Dealing with the country’s republican past and neoliberal present, and with matters ranging from the economic causes to the political consequences of the crisis, this volume offers a wide-ranging overview of one of several devastating economic crises to have rocked the European Union in recent times. By situating the crisis in the context of related transformations in areas of religion, gender and sexuality, Republican history and national commemoration, poetry, the novel, and social and cultural policy, the essays within this issue argue that all aspects of Irish society have been radically transformed by several decades of neoliberal boom and bust and by the 2008 meltdown of the Celtic Tiger.

Read the foreword to the issue and “Glimpses of an Irish Republic” by Seamus Deane, freely available now.

Benjamin’s Travel

The most recent special issue of positions: asia critique, “Benjamin’s Travel,” edited by Briankle G. Chang, is now available.

ddpos_26_1_coverWalter Benjamin’s writings are popular among Chinese scholars, but variances of translation and interpretation have created an understanding of Benjamin that bears little resemblance to how Western scholars discuss and use Benjamin. This special issue uses that dissemblance as a starting point to explore what Benjamin’s writings have meant and continue to mean, bringing these multiple different versions of Benjamin into conversation. Contributors explore Benjamin’s fascination with the spiritual power of color, connect his youthful fascination with Chinese thought with his later writings, compare his ideas to the work of Chinese filmmaker Jia Zhangke and Vietnamese author Bùi Anh Tuấn, and analyze his experiments in imbuing book reviews with social commentary. This issue also includes a new translation of Benjamin’s essay “Chinese Paintings at the National Gallery.”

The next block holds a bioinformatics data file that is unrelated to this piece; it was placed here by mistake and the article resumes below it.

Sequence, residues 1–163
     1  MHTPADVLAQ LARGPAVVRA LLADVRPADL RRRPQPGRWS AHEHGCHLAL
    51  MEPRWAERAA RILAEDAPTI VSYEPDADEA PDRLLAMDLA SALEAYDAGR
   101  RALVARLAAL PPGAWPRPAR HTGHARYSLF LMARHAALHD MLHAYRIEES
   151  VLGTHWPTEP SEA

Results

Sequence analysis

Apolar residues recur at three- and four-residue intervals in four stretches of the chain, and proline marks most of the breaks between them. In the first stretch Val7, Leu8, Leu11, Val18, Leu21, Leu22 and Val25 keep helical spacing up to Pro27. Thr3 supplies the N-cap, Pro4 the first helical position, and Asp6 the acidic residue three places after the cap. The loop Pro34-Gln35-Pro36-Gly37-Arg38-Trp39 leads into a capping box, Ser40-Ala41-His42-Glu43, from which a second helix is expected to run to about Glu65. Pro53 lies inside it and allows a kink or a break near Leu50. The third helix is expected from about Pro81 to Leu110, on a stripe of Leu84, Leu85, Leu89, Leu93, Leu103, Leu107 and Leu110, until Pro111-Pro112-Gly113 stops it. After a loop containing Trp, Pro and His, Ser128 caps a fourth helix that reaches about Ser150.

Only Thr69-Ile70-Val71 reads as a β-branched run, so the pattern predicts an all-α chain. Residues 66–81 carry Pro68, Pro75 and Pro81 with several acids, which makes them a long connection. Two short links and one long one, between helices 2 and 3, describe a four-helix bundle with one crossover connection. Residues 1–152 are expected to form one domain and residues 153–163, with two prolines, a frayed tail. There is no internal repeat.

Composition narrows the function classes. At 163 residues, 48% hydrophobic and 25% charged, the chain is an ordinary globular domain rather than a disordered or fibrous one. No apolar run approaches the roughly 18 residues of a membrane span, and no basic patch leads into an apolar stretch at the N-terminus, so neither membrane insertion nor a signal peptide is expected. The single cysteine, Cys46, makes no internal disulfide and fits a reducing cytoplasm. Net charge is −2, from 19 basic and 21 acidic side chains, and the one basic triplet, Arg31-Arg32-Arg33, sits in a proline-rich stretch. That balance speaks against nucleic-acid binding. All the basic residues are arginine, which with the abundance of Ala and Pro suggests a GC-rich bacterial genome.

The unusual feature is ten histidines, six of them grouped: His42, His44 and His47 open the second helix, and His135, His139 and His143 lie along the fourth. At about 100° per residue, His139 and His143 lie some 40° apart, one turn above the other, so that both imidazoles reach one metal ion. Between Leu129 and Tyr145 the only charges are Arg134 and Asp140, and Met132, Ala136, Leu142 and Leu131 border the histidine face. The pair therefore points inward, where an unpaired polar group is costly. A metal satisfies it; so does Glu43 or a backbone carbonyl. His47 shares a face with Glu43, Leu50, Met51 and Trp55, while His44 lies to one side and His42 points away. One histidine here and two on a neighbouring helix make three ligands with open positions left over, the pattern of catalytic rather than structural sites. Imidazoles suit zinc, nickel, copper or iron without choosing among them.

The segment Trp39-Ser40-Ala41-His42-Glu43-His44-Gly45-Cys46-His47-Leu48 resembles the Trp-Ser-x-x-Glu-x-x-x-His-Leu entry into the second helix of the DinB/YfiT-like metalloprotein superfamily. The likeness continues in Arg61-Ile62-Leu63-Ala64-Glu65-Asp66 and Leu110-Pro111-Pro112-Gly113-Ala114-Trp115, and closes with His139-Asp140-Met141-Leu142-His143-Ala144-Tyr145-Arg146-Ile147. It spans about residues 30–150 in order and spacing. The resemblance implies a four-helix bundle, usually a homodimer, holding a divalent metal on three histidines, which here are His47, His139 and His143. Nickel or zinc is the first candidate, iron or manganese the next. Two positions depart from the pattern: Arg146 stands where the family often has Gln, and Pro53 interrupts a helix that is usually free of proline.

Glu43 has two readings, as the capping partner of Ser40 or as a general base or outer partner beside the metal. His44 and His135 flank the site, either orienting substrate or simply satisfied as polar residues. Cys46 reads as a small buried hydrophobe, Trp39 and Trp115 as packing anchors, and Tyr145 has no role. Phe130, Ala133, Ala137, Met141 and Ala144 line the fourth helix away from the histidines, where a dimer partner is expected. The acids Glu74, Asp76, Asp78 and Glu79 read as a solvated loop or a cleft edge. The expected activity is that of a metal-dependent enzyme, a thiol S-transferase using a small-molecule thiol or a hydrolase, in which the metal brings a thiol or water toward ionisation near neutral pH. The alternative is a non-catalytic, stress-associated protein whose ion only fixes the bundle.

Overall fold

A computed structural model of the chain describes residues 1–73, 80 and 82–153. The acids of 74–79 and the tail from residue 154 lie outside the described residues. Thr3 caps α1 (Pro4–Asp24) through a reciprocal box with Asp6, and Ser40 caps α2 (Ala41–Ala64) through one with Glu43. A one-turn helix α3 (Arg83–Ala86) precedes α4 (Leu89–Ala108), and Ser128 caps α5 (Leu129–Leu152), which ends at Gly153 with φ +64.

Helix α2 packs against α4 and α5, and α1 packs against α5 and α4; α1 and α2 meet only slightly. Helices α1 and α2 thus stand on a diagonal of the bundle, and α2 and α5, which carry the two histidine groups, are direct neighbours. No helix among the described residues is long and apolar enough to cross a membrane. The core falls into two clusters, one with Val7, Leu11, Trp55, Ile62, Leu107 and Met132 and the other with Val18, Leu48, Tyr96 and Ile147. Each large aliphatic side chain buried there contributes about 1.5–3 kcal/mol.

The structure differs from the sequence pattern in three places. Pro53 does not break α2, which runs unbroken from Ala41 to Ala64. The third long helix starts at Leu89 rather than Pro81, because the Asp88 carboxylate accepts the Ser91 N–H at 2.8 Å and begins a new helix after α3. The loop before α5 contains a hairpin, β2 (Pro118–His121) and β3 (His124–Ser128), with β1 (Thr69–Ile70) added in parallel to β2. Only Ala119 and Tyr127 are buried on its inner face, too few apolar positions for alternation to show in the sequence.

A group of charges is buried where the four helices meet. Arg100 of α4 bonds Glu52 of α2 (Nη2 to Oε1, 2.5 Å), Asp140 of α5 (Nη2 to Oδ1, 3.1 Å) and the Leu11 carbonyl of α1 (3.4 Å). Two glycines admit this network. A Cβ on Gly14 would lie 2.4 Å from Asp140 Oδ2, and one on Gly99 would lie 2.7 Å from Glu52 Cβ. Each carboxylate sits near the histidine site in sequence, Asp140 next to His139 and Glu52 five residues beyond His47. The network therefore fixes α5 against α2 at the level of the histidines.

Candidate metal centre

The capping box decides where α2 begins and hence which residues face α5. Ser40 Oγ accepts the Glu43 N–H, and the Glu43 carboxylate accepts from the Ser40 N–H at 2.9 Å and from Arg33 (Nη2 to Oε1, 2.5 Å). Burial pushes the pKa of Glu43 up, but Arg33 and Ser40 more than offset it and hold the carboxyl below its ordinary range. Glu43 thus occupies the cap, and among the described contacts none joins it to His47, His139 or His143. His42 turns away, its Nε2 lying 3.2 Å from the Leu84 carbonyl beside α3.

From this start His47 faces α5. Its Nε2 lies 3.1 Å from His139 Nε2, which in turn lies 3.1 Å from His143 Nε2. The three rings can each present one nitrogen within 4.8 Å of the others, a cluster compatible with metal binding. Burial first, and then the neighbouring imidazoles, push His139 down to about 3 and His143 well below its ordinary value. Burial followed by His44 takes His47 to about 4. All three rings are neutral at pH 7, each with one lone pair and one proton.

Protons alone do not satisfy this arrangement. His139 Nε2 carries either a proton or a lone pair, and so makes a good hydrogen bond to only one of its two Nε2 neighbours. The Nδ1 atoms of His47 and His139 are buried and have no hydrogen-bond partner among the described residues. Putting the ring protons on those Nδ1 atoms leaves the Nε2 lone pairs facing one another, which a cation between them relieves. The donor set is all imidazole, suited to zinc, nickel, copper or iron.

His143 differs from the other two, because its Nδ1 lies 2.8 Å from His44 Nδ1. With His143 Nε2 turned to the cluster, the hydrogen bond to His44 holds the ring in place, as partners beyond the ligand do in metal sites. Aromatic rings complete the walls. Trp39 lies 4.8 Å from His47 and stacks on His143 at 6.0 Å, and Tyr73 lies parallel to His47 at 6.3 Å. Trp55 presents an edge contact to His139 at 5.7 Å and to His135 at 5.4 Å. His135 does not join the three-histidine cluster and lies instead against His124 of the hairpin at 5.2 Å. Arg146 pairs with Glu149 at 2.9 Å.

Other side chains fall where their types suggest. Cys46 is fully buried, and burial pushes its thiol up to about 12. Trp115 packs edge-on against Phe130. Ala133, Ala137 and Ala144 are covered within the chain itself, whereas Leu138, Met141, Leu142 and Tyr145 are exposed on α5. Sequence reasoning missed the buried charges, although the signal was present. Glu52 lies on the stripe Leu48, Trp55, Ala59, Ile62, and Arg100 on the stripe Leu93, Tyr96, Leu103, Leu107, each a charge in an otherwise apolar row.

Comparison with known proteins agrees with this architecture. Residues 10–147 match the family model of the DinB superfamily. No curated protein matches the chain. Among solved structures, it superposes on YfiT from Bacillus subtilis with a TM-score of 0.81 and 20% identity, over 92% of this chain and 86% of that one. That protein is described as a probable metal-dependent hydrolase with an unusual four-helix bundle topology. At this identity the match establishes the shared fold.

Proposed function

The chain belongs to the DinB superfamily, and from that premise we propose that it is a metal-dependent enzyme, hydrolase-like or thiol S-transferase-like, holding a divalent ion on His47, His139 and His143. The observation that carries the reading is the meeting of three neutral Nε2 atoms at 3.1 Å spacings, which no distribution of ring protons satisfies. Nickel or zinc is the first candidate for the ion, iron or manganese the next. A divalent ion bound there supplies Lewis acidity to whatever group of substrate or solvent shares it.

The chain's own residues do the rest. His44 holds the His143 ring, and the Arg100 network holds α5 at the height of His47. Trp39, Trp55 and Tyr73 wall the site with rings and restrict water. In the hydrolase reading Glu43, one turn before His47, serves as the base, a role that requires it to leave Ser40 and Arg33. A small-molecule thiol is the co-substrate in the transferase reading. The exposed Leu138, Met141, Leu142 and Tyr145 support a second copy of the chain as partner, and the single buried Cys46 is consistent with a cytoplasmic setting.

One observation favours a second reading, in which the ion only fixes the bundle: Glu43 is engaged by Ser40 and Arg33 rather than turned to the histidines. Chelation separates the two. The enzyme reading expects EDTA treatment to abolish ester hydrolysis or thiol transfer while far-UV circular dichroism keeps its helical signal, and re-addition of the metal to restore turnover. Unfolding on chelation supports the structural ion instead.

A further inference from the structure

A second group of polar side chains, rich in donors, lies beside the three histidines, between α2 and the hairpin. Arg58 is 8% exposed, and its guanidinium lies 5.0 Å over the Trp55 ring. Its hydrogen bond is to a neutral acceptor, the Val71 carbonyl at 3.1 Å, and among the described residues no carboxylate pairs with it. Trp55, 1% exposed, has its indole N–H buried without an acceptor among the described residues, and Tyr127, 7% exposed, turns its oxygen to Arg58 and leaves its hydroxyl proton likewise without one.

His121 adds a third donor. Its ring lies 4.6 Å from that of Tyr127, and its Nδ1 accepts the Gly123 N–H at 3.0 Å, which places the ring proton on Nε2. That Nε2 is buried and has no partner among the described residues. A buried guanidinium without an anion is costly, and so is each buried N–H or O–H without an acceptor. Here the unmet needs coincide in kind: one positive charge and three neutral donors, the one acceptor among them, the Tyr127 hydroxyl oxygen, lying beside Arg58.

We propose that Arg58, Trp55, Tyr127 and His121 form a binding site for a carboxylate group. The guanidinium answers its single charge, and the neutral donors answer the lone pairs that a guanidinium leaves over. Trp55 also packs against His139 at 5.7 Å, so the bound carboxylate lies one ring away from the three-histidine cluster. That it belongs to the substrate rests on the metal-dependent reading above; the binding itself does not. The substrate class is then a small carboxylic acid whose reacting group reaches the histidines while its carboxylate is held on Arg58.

Browse the table of contents and read the introduction to the issue, now freely available.

Theater Magazine Publishes Elfriede Jelinek, Carrie Mae Weems

ddthe_47_3The most recent issue of Theater magazine features new performance texts from major artists Elfriede Jelinek and Carrie Mae Weems.

In the first edition of Theater to launch since the November 2016 election altered the American political landscape, the magazine looks to theater artists “to provide clarity where leaders sow confusion, to inspire when cynicism reigns, and to offer a moral compass while the nation reels in disorientation,” writes editor Tom Sellar.

Nobel laureate playwright Elfriede Jelinek’s newest work On the Royal Road: The Burgher King delves into the psyche of a businessman tyrant whose hold on power gets channeled through American pop culture iconography, among other creative filters. An intimate conversation between Jelinek and her longtime translator Gitta Honegger accompanies the script.

In her new performance text Grace Notes: Reflections for Now, celebrated artist Carrie Mae Weems contemplates grace in the face of racism and violence through music, song, spoken word, and video. Carl Hancock Rux introduces the text with a panoramic essay on Grace Notes as “a non-decorative inclusive self-portrait,” interrupting the peripheralization of black women.

Jennifer Krasinski’s rumination on Taylor Mac’s recent 24-hour marathon performance of music from the American songbook, as well as performance criticism from Krasinski and David Bruin, complete the issue.

To read the issue online, visit read.dukeupress.edu/theater.

Marianne Moore

The most recent special issue of Twentieth-Century Literature, “Marianne Moore,” edited by Heather Cass White and Fiona Green, is now available.